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  1. It has been four months since I had concious sedation for a colonoscopy. My GI doc gave me the IV med. I have been on the phone many times with my insurance company trying to get them to pay for it. I finally have got them to agree to cover it. (They normally only cover conscious sedation done by anesthesiologist THEY SAY) They tell me in the future I must make sure that it is done by anesthsiologist. That is bull, I spent some time in our GI lab and I never saw a anesthsiologist in there once. The GI lab docs always gave it. When I had my endoscopy done the conscious sedation was administered by my GI doc and I had no billing problems. I did have conscious sedation done by anesthesiologist for my cysto/retro pylo but that was done in OR. What are some of your thoughts on this.
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  2. 13 Comments

  3. by   Brownms46
    I did a contract in a GI specialty clinic, where they did Sigs, Colonoscopys, EGDs, etc..etc. And the nurses push the drugs...not the MD. And from talking to others in the same area...this is how it is done in most GI procedures.

    The only time I saw an anesthesiologist/ nurse-anesthetist present during conscious sedation...was when I did a contract in an Eye surgery clince that did Cataracts, and other minor eye outpt. surgical procedures. But this was back in the late 90's..in S. C.

    Conscious Sedation is done for many procedures including dental....and also no anesthsiologists present. But I guess this would depend also on the state that it is done in....as we all know...each state is different.

    During conscious sedation, you're sedated , you can follow commands, but you can maintain your own airway and you retain protective reflexes. You're monitored closely with and then recovered. Most of the time..rarely a problem.
  4. by   pebbles
    My only thought was that insurance companies are money-grubbing stupid-heads.

    This is my intelligent, articulate thought for the day.
    Please continue.
  5. by   Brownms46
    Ditto...:chuckle
  6. by   LasVegasRN
    There are certain procedures that allow for an anethesiologist. There are tables that are used (most insurance companies use the Medicare tables) to simply look up a number (called a CPT code) and see if it's allowed or not. The same with an assistant surgeon.

    What's missing is the patient has no knowledge of this and it is not their fault. We don't carry around Medicare allowables to determine what's covered or not, and we should not have to.
  7. by   pebbles
    Conscious sedation is done by nurses who are specially certified in this area here.... it is considered a "transfer of function" role that nurses can do IF they are specially trained... ditto goes for epidurals. I don't see why it matters who gave the darn drug - you still needed it.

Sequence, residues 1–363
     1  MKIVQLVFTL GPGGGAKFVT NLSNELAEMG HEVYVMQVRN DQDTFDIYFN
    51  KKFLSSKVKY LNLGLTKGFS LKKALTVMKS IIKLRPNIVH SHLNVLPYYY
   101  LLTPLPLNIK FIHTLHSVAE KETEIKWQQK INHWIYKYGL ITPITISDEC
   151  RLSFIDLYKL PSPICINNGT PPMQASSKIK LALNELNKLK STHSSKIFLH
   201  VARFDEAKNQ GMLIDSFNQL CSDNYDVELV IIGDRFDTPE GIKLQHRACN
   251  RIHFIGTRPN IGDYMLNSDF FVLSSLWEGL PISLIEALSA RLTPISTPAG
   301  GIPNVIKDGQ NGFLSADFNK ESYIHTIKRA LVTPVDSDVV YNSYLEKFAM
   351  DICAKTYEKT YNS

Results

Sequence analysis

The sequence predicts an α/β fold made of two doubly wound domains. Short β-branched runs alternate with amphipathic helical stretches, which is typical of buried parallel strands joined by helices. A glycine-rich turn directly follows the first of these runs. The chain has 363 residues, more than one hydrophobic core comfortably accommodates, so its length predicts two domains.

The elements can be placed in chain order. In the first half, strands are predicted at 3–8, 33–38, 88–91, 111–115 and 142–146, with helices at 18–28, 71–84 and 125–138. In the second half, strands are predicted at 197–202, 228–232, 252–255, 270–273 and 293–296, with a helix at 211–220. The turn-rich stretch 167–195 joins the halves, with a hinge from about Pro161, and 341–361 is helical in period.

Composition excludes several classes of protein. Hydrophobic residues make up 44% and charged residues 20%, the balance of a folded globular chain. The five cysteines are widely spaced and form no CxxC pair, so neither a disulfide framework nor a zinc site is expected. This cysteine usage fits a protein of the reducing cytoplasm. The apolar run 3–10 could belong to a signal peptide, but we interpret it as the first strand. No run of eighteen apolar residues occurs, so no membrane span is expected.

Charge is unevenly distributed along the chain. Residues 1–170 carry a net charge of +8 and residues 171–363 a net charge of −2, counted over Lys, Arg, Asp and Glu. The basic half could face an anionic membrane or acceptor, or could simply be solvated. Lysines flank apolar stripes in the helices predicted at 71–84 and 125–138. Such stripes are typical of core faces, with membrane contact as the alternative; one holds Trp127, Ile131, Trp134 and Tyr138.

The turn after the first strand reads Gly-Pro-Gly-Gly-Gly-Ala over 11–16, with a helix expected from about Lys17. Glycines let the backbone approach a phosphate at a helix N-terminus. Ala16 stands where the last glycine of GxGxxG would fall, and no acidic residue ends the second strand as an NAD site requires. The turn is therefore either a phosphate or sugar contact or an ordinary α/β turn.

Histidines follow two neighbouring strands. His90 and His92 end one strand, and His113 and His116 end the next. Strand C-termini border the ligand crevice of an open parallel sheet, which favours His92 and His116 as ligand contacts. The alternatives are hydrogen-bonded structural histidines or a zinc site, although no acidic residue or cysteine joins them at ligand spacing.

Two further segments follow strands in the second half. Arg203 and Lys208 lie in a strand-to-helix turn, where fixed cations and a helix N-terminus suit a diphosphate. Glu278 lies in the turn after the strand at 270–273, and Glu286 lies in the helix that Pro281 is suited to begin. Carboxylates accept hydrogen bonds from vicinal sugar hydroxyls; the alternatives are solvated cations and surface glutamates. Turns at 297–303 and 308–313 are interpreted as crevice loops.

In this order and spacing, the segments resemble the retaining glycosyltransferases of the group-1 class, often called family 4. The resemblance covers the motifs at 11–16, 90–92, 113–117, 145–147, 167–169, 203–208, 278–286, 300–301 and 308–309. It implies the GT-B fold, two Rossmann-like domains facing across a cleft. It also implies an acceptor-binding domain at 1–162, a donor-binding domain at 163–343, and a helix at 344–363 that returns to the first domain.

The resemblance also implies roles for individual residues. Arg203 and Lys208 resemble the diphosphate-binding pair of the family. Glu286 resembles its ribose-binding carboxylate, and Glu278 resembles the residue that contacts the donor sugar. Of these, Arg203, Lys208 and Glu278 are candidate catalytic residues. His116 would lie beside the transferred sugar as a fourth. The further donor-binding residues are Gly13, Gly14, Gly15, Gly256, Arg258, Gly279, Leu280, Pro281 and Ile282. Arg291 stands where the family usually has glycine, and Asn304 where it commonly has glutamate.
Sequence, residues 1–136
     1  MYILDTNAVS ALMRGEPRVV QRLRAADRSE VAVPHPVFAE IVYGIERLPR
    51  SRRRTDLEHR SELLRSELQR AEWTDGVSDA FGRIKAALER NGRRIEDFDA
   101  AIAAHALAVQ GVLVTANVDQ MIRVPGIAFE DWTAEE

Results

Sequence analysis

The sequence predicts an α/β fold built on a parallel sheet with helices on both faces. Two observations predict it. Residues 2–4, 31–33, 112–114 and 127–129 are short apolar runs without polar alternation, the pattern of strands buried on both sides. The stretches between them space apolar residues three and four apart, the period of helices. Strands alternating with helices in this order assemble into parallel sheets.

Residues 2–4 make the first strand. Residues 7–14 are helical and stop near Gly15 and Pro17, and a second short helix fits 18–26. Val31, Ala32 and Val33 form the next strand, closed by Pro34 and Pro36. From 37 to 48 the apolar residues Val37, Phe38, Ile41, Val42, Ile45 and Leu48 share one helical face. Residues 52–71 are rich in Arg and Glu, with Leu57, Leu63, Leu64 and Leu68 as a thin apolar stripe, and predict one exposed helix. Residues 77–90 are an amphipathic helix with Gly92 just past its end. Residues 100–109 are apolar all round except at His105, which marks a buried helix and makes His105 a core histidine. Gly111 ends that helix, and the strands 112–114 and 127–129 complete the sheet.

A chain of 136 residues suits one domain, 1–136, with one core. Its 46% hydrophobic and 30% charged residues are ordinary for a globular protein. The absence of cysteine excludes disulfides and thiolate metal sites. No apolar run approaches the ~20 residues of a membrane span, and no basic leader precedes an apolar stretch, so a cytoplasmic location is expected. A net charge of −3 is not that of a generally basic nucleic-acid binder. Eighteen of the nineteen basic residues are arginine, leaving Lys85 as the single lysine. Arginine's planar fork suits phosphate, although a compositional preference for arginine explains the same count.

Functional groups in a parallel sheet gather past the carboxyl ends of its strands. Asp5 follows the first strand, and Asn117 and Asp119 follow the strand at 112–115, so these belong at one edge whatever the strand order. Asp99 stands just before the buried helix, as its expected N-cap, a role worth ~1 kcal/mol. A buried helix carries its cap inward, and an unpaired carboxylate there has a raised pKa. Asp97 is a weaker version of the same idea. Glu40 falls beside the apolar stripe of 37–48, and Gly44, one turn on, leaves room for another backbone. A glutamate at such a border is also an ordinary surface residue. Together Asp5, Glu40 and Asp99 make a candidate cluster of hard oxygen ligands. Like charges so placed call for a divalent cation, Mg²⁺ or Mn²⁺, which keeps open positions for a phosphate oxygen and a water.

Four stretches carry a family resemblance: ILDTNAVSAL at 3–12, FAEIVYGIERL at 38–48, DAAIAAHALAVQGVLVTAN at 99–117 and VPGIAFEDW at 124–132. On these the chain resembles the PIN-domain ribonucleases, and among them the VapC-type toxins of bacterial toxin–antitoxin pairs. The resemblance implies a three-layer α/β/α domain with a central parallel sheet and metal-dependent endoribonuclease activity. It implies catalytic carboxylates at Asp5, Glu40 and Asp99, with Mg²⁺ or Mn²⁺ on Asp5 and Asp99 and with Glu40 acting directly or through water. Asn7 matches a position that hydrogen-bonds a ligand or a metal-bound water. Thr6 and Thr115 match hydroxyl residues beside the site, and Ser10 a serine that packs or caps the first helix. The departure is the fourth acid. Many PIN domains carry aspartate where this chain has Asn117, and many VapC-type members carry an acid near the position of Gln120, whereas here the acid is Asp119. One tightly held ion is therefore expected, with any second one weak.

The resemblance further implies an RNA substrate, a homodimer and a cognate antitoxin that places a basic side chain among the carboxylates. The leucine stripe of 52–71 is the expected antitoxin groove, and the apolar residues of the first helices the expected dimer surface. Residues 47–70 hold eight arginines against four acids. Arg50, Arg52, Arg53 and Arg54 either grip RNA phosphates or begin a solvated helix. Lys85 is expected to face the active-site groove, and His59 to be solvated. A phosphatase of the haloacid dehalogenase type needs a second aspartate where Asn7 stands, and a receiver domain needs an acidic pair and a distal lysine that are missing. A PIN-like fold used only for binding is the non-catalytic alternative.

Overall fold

8. by   oramar
    Las Vegas baby, I like that new picture! Here is what I think, or at least what I suspect. Refusing to cover conscious sedation is the new trick from the old bag of trick. If even 1/4 of the patients pay out of their own pockets it is a windfall. However, if someone makes a fuss it gets covered.
  9. by   fedupnurse
    It used to be, not sure if it still is, that if you receive Diprivan you had to have an anesthesiologist on board as well. If the Insurance Co. had a half a brain they'd know having this doc would jack up their costs. It does make you wonder if they aren't in cahoots sometimes doesn't it?
  10. by   Zee_RN
    Originally posted by pebbles
    My only thought was that insurance companies are money-grubbing stupid-heads.
    LOL. That's the obvious answer.
  11. by   ptnurse
    You know how to deal with an insurance company. If you can't get a reasonable answer out of the first stupid head you talk to, just hang up and call back. You will never get the same answer twice. Eventually you find someone who is reasonable.(Usually)
  12. by   NRSKarenRN
    You know how to deal with an insurance company. If you can't get a reasonable answer out of the first stupid head you talk to, just hang up and call back.
    That's S.O.P. (standard office procedure) in my intake office re insurance verification!
  13. by   sharann
    I don't understand.
    Is GI doc billing seperately for "anesthesia" services?
    I believe that he may be. The nurses are the ones who recover and monitor you (and give the CS usually), so maybe the nurses should bill (right, like that would occur). The doc did the scoping and should only bill for his services.
  14. by   boggle
    I have found that the doc's office can sometimes rebill the insurance using a different billing code. Often works. Makes me wonder did they bill under the wrong code in the first place.

    Your story reminds me of my old insurance plan. It would pay for pathology to examine the pap smear slide, but not for the doc's exam to obtain the pap smear. I kept waiting for then to issue a do- it - yourself pap smear home kit!!

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